The wasteful multi-million dollar Naplan-based shrinking of Australia’s intellectual growth is well on track and nobody seems to care. It’s a dangerous extra school burden that no teacher group, no parent group, no school system or department in Australia ever sought. The enormous sum would be better spent on schooling or flood, cyclone and earthquake relief, but the efficacy hawks have to maintain the evil. That’s what it is – evil – and it originates from our languid disinterest in the quick-fix, politically inspired revolution.
Australia’s apathetic attitude towards schooling reminds us of young Treehorn whose simple story reflects our children’s schooling destiny.
“We don’t shrink in this class’ said Treehorn’s teacher firmly, but Treehorn WAS shrinking, and very inconvenient it was. To begin with he just began tripping over the ends of his trousers, then he got too small to see over the table at meals, but his parents merely told him to sit up. At last he became small enough to walk under his bed.
‘Heaven knows, I’ve tried to be a good mother’ sniffed Treehorn’s mother, and paid no more attention. Doctors were no use, in fact none of the grown-ups were any help. In the end it was Treehorn himself who found a way out of his trouble. ‘ says the foreword to “The Shrinking of Treehorn” by Florence Parry Heide, a delightful Young Puffin book published in 1975; and happily still in print for about $7.00.
There’s an uncomfortable ending that adults will not want to know about.
Now, over thirty years later there are a few million Australian Treehorns, in his age group between five and twelve, whose condition is ignored by almost all grown-ups. Even worse, school children’s intellectual growth is being shrunk because nobody seems to care. Schooling has not been a political/election issue for many generations and it ought to be top of the list.
I feel truly sorry for our Aussie school-based Treehorns. They have no real friends. Far too many adults just don’t care. When he spoke with his Principal, the response was…’I’m sorry to hear that, Treehorn. You were right to come to me. That’s what I’m here for. To quide. Not to punish, but to guide’ and then dismissed him. ‘Goodbye, Treehorn. If you have any more problems, come straight to me, and I’ll help you again.’
Treehorn’s principal did not want too much disturbance to his routine. He had a good job and was not much interested in the long-term care-for-kids stuff. Pretending to care was a job-related habit. If Treehorn had changed schools, he’d be lucky to find a professional principal…it seems. There is a big difference between a job-principal and a professional one. A professional one will go out on a limb for each pupil and care about their future development and how they are treated by others. Such professionals are in short supply. I used to know a few, and held high hopes for others. In 2008, though, when our present Australian principal representatives had a chance to explain professional ethics with regard to the dangers in a fear-driven, test-oriented curriculum to Julia, their political controller, they didn’t. Talk about a disappointment. They were afraid for their jobs perhaps. Fear works at all age levels. Because of their timidity our Treehorn’s IG [Intellectual Growth] keeps shrinking.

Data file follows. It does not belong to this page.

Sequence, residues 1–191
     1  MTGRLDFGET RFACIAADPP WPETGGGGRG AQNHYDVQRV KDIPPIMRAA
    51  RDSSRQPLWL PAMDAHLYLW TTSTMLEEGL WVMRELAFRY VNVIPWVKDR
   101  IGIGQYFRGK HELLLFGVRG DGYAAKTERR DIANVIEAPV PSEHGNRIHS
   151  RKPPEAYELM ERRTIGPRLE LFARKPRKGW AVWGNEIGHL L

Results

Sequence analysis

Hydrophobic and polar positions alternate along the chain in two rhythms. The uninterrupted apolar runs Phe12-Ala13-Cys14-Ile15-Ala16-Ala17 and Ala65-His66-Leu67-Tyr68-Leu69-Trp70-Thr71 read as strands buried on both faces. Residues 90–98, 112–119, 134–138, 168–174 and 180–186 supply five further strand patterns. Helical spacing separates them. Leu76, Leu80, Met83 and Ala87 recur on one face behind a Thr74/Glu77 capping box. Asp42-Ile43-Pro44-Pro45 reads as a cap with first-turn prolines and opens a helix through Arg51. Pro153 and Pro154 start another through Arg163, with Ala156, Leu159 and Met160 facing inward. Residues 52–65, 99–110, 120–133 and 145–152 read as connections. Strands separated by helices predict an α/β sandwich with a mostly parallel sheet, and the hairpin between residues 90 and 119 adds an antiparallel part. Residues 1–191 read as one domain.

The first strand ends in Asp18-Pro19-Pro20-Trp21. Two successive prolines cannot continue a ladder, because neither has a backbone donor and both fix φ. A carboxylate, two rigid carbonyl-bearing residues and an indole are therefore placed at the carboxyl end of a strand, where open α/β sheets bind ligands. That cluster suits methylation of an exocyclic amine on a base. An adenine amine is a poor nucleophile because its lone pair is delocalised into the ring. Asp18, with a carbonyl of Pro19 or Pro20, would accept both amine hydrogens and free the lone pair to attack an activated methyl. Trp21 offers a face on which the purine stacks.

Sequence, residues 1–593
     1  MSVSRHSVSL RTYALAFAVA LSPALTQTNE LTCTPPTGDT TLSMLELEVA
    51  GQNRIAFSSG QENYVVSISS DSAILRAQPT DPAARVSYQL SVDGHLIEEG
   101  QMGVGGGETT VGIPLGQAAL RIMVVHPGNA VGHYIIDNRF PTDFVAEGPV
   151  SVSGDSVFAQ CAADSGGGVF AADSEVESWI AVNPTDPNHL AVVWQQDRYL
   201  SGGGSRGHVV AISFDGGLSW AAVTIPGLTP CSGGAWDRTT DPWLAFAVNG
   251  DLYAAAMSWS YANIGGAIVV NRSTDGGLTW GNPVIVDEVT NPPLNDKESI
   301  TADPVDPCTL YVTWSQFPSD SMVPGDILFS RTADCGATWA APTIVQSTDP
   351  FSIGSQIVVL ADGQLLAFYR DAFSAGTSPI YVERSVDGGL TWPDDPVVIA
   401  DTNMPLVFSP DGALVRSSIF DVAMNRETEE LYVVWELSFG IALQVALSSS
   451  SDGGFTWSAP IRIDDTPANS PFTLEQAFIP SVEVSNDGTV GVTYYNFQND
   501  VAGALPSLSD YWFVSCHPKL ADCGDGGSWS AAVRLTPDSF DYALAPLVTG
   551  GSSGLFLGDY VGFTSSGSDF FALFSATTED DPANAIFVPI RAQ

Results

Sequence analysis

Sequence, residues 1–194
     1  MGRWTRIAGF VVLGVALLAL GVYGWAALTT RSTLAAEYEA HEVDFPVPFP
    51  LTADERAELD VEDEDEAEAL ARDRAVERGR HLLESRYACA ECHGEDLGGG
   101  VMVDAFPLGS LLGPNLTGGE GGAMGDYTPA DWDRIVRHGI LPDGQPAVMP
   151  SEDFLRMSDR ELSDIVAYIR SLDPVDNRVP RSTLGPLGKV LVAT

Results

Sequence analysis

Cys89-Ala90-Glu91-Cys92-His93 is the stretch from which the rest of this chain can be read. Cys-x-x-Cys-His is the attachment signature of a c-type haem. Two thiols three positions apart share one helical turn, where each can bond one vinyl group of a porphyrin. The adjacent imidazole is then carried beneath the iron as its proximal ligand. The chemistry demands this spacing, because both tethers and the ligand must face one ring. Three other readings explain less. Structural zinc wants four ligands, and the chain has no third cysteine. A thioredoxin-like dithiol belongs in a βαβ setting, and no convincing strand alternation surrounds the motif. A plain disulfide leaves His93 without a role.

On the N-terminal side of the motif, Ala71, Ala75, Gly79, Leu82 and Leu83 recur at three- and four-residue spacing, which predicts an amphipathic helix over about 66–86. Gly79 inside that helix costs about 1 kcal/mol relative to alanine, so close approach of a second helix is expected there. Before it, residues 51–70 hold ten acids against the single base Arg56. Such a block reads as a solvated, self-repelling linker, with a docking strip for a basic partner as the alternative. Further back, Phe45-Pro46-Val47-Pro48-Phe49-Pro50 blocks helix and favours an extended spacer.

The answer can’t be found in a breakfast cereal box, as Treehorn found. It lies in being aggressively professional. Grit.
Before 2010 school year had started, I thought that our Australian classroom teachers were about to lead the world in their care for kids. In January, at a national Australian conference [See; http://primaryschooling.net/page_id=1133 ], teachers voted to bann the immoral, very expensive, learning-destructive, politically-controlled, fear-driven Naplan testing program. I felt sure that they had unanimously passed the AEU motion for professional reasons. I was on Cloud Nine to think that Aussie teachers would certainly lead the world in standing up for professional standards to help our Treehorns to grow. I genuinely thanked God for such an exhibition of professionalism. It was so amazing. History has no record of such a thing. I even suspected that Mary McKillop, a popular teacher looking for a saint’s jersey, might have had something to do with it. I was wrong.
I was so disappointingly wrong. The AEU was politically corralled, within a month, as the principals’ associations had been; and so our Australian Treehorns continued to shrink. And…while the original Treehorn’s parents seemed to be thoughtless, our Aussie ones seemed mindless; and continue to be so. They trust their children to the lassitude of school personnel who quietly obey commands from superordinates and politicians who crow about the fine job they are doing. All of them overlook the things that children like Treehorn are capable of doing.
In particular, young children love learning and, if encouraged in the right way, will love learning for their entire life. Politicians seem to want to drive this love of learning from them. They prefer to believe that fear motivates better than anything else. Parents and teachers accept such precepts without question.
“None of the grown-ups are much help,” said Treehorn.